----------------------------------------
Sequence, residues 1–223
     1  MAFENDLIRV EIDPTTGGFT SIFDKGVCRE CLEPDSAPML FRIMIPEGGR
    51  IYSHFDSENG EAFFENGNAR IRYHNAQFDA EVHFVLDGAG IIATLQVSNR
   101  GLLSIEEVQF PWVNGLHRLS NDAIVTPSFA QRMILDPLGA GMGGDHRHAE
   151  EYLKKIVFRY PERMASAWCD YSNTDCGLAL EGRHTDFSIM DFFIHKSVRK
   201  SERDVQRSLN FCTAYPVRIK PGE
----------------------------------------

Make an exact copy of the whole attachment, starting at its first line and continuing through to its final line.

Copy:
Sequence, residues 1–223
     1  MAFENDLIRV EIDPTTGGFT SIFDKGVCRE CLEPDSAPML FRIMIPEGGR
    51  IYSHFDSENG EAFFENGNAR IRYHNAQFDA EVHFVLDGAG IIATLQVSNR
   101  GLLSIEEVQF PWVNGLHRLS NDAIVTPSFA QRMILDPLGA GMGGDHRHAE
   151  EYLKKIVFRY PERMASAWCD YSNTDCGLAL EGRHTDFSIM DFFIHKSVRK
   201  SERDVQRSLN FCTAYPVRIK PGE